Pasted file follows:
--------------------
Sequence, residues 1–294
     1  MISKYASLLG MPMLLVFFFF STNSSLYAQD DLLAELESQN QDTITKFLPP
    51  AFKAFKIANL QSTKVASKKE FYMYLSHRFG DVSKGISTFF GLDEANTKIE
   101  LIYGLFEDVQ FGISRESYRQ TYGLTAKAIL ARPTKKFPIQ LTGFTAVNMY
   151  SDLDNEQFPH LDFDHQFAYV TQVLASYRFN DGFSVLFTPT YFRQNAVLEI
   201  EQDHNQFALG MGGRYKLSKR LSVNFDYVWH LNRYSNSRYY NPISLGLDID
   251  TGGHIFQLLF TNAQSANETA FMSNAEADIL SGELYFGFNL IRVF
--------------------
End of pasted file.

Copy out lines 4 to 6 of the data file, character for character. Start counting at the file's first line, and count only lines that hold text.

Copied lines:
   101  LIYGLFEDVQ FGISRESYRQ TYGLTAKAIL ARPTKKFPIQ LTGFTAVNMY
   151  SDLDNEQFPH LDFDHQFAYV TQVLASYRFN DGFSVLFTPT YFRQNAVLEI
   201  EQDHNQFALG MGGRYKLSKR LSVNFDYVWH LNRYSNSRYY NPISLGLDID